When we hear rumors of any sort of “metal hoarding these days, it’s almost impossible not to revert to the classic images of Scrooge McDuck diving into his cascading mountains of gold coins, or perhaps Daffy Duck grabbing at necklaces and doubloons in a desert cave while yelling at Bugs Bunny, “It’s mine! It’s all mine!
With gold prices already peaking as never before, ETF Securities’ impending launches of copper, nickel and tin ETFs (Dec. 10), and lead, zinc and aluminum ETFs (Jan. 1, 2011) are making some investors, analysts and writers worried that these base metal ETFs (for copper especially) will make the metals so attractive as replacements for currency that prices will follow suit, and that banks and funds will hoard physical stocks in fear as an inflationary hedge. Well, let’s all cool it for a bit. Yes, copper is reaching news highs the metal traded at a high of a record $9,044 a metric ton yesterday, having already climbed 21 percent this year, according to Bloomberg but is there a reason to think ETFs will single-handedly drive inordinate increases in price?
True, the rumors of hoarding began to hit new highs when the LME announced one singular investor or entity held 50 to 80 percent of the copper stocks in the exchange’s warehouses just reported to be JP Morgan, which is conveniently planning its own physically-backed copper ETF launch. And “RBS has said a copper-backed ETF could boost prices to $4.50 a pound and one analyst quoted in a Financial Times piece said a successful copper ETF could be the difference between copper priced at $8,500 per ton and $10,000 per ton, according to a post on the trading blog site Benzinga. Carl Mortished writes in the Globe and Mail that “China’s copper appetite expanded by 26 per cent last year and is expected to gain 13 per cent this year, according to RBS.” He continues that RBS also points out the lack of buffer stocks and no big new mine supplies coming online anytime soon. After all, physical stocks of industrial metals cannot be conjured up as quickly as the US Fed prints its money hoarding currency is a different ballgame entirely than hoarding copper or gold.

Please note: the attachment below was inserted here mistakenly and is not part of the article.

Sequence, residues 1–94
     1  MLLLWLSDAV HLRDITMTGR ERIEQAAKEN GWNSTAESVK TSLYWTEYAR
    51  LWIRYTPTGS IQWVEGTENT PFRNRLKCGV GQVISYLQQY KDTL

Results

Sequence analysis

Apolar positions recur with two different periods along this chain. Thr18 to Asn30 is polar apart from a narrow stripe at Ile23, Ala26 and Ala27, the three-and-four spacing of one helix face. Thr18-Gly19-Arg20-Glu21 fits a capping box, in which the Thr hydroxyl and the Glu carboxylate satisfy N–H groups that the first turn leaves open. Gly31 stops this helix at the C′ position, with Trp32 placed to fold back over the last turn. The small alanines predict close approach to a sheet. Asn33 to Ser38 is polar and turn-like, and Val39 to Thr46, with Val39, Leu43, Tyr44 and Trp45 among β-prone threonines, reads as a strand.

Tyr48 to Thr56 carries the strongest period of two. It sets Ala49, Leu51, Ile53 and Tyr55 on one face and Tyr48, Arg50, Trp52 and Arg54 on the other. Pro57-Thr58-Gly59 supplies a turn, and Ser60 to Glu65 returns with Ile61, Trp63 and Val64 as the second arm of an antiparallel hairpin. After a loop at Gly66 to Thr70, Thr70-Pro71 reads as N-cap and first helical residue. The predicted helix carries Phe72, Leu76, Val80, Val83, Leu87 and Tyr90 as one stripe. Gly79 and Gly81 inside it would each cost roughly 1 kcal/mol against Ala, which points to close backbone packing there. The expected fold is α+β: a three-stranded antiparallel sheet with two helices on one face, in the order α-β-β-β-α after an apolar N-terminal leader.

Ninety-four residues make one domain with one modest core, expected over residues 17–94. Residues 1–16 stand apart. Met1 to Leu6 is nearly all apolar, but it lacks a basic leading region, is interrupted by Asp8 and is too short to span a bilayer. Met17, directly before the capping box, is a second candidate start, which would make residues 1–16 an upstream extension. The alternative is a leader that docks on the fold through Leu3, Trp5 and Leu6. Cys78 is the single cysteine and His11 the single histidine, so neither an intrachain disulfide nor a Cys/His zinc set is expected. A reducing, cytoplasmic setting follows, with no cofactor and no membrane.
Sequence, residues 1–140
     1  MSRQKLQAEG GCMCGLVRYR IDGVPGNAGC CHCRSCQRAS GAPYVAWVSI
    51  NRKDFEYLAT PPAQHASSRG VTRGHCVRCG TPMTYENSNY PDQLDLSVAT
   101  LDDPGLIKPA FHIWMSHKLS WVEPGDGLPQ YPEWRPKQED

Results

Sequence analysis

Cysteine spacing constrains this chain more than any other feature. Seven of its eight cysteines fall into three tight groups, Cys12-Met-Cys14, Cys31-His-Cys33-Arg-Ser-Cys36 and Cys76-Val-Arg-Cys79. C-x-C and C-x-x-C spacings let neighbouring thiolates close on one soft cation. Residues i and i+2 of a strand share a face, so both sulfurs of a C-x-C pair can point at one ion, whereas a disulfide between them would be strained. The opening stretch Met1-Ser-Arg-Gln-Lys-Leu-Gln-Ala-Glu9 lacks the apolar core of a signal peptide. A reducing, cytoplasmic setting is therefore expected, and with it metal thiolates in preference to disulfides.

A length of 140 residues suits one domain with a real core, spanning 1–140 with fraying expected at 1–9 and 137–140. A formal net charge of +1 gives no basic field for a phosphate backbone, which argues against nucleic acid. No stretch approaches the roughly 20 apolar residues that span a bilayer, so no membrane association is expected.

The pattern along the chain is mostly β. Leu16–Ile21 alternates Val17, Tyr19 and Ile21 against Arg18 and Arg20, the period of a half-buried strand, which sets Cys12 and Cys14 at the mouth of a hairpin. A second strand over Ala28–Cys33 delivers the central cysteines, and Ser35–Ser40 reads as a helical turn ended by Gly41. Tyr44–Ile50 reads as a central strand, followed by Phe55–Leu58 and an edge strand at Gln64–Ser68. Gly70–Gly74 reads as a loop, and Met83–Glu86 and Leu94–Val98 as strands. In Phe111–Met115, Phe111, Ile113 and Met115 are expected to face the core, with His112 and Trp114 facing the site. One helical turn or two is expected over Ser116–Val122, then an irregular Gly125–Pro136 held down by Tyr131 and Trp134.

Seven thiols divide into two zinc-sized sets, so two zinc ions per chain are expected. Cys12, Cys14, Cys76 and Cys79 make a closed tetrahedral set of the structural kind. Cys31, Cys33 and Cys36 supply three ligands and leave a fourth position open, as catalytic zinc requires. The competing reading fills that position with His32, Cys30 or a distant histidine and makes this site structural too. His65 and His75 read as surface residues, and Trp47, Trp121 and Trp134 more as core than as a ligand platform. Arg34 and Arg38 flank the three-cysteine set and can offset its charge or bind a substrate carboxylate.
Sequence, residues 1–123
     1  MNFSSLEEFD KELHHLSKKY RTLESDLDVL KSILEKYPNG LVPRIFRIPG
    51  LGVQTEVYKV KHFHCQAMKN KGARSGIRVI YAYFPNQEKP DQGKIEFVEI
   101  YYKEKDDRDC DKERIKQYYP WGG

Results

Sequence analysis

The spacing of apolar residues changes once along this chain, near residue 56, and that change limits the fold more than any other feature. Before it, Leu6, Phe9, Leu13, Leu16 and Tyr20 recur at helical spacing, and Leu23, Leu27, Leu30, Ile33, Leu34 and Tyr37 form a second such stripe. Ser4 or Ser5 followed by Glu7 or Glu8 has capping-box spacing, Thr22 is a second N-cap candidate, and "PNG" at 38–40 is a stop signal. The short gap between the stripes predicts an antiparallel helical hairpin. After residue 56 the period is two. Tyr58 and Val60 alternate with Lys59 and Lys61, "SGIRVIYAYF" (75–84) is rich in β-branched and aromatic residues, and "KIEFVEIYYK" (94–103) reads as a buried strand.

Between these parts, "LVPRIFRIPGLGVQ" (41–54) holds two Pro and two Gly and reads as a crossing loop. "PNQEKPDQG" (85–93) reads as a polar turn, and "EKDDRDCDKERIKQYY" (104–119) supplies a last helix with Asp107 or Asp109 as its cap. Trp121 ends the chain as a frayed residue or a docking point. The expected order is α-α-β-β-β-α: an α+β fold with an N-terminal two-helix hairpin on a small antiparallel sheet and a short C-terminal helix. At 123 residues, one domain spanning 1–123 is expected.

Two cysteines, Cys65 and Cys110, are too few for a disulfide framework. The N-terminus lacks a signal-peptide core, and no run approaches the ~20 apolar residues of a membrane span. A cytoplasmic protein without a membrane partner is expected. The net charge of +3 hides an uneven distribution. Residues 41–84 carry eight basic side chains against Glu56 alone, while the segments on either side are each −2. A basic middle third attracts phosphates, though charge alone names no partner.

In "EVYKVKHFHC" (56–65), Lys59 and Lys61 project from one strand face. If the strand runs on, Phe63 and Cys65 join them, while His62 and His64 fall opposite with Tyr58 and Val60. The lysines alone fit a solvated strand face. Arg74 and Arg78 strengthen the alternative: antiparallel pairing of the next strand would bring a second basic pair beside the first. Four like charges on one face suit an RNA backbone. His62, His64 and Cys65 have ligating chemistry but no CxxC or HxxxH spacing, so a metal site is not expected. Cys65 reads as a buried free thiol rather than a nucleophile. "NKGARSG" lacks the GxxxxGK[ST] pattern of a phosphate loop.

But, with all of this activity, the truth is that we don’t really know what will happen to copper prices, as many factors play into its market volatility right now. The ETF-as-primary-driver may not shift price in the near- or medium term, as evidenced by the price movement in the wake of ETF Securities’ earlier release of the platinum ETP, according to the UK financial site IFAonline. Too many other industry-wide factors loom production concerns due to worker strikes, for example. (More on this in previous MetalMiner posts here and here.) We also have to take into consideration the actual amount of metal that will be committed to/bought up by these ETFs, how that compares to global supply, and whether the difference will create enough of a pinch to affect shortages. Then again, copper is not platinum. Ultimately, one thing is certain: some sources point to the fact that it will be hard to blame China’s prospecting for mining space in Africa, Asia and Latin America to slake their demand if western investors are hoarding copper.